Mindfulness and intentionality are paramount. As Akinbola crafts his pieces, he strives to learn more about the world around him and allows his pieces to evolve naturally over time. Certain bodies of work, he admits, become different pieces entirely as they progress. For example his durag works—which initially dealt with accessibility and respectability, a response to the artist feeling othered while entering galleries—have morphed into two separate conversations around composition and color, the ready-made nature of mass production. Every work reflects a process of self-discovery, starting out quite literally before transitioning into a more theoretical take on color, texture, and the bending of fabric. The works have become more subversive as a result, a form of representational abstraction.

Each show is curated to the space in question. In Vienna, Akinbola’s recent “Multilateral” exhibition at Galerie Krinzinger—where the artist was awarded a residency in 2020—is a response to living in Austria. The term multilateral itself is used often in international relations to describe the intersection of cultures, the joining of abstraction and representation among different bodies. The exhibition fuses work from across the artist’s practice, including those from his renowned “CAMOUFLAGE” series, featuring the above-mentioned durags—visual statements of Black identity, global consumption, and cultural commodification. The exhibition also includes new works not yet presented to the public, leveraging palm oil and other materials to acknowledge the destruction brought about by COVID-19. Akinbola reiterates that he pulled elements from his experience to bring the show to life, acknowledging that there are times he simply cannot work with certain materials depending on the location. “I remember bringing durags to Belgium from America to work on some paintings, and I didn’t end up even making the paintings. It just wasn't calling to be made at the time,” he explains. The durags, he reiterates, began as a commentary on his experience living as a Black man in the United States, only later evolving into color theory while adapting the works in Vienna.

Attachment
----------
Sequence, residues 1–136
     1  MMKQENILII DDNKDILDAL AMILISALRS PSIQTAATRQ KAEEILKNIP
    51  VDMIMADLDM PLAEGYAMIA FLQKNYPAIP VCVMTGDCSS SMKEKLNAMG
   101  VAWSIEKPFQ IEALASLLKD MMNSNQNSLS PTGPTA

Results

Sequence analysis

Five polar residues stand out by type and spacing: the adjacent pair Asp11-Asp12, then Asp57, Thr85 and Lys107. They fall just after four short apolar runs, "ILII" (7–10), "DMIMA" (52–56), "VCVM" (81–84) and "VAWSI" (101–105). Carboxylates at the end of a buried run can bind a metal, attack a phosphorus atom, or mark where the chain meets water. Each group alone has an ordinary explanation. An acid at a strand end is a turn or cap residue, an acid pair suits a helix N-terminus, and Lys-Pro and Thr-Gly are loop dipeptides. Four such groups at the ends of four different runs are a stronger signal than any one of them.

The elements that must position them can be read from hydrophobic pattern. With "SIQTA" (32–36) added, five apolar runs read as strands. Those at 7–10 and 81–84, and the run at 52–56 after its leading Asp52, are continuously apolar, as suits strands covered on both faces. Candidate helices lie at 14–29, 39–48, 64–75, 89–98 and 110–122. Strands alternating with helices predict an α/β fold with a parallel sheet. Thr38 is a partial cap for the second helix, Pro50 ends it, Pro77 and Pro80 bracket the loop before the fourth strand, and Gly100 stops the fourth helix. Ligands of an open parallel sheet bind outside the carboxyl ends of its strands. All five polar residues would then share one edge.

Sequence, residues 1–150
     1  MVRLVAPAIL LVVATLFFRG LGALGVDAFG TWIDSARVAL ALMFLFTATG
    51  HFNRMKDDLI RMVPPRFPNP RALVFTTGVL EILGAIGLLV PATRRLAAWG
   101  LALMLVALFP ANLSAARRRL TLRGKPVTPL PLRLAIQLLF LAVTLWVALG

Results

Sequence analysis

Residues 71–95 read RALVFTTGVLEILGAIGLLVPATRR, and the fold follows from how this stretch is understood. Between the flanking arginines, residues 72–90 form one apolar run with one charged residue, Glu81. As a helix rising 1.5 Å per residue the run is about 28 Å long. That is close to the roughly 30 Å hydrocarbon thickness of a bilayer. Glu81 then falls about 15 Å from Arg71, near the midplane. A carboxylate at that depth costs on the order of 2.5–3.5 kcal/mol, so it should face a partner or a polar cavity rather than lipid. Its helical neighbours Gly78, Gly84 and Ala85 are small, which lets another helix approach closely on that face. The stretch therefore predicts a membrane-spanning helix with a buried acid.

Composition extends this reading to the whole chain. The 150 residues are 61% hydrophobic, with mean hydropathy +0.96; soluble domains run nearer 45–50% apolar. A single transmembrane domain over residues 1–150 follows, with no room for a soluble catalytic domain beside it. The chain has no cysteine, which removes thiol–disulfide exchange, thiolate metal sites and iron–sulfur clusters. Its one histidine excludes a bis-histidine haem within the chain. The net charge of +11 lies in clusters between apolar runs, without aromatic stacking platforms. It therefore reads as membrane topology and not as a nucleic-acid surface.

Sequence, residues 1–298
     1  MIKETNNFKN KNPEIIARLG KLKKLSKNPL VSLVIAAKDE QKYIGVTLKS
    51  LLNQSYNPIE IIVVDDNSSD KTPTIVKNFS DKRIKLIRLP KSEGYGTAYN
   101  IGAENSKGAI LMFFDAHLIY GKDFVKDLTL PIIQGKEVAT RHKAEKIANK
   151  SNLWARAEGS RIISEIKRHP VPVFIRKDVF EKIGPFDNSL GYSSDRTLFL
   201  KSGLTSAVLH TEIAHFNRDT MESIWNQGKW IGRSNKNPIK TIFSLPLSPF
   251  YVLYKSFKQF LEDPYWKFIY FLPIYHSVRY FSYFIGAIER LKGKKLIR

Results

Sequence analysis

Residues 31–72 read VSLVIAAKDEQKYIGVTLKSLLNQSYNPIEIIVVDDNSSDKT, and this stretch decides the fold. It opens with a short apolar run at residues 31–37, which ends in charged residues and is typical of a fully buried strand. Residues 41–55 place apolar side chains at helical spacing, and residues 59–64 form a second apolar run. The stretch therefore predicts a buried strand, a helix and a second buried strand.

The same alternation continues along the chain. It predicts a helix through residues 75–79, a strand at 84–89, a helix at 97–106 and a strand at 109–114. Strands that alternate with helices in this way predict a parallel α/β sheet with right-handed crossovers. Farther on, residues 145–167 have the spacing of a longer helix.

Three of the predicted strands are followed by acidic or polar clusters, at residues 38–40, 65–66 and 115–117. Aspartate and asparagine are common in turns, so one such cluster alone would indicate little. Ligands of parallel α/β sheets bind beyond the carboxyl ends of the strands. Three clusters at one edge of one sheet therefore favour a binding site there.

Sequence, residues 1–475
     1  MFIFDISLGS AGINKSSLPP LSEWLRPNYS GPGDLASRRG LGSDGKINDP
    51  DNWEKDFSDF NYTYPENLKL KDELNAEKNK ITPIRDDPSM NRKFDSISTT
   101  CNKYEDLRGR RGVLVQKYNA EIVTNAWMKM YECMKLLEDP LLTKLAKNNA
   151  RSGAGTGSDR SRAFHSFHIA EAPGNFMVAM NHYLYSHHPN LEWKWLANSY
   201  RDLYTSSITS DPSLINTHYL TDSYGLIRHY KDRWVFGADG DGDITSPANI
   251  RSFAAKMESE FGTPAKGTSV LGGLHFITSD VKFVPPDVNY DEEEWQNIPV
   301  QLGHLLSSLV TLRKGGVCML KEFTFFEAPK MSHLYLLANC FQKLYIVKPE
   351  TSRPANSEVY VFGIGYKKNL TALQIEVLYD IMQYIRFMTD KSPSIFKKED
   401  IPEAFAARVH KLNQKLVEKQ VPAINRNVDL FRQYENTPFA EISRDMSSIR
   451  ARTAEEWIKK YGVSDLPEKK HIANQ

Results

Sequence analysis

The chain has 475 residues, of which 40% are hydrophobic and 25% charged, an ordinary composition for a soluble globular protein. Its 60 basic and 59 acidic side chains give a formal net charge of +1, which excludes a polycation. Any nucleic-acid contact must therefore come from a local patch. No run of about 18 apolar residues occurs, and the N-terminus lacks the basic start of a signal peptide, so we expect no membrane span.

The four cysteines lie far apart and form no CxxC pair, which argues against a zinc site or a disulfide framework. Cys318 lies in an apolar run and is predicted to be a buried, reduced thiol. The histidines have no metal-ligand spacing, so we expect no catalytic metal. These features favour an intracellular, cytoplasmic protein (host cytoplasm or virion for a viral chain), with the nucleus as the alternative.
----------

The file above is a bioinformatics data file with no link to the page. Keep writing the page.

Akinbola appreciates that every work, and every series, features a unique starting point triggered by a specific location. He hopes that for every focus and for every material, work, or series, he can return after a decade, recontextualize his focus, and add new renewed depth to the meaning. “If it’s a good work of art, you grow with it,” the artist explains. And growth is certainly on Akinbola’s radar. Lately, the artist showed his work at Hauser & Wirth in “The New Bend” exhibition, which featured 12 contemporary artists exploring the racial, class, and gender traditions of quilting and textile practice. He recently showed his work in Los Angeles, at an exhibition entitled “Black,” held in February, curated to examine the emotional impact of the color black. Simultaneously, the multidisciplinary artist is writing a show with a friend as well as working on some audio-visual projects and creating and drafting programming for his family's art nonprofit. “My journey as an artist has a lot to do with how I am experiencing the world, my insecurities, my fears, my dreams, says Akinbola, it's a mindfulness for the banal, a regard for the everyday, a curiosity for the unknown and yet to be experienced.”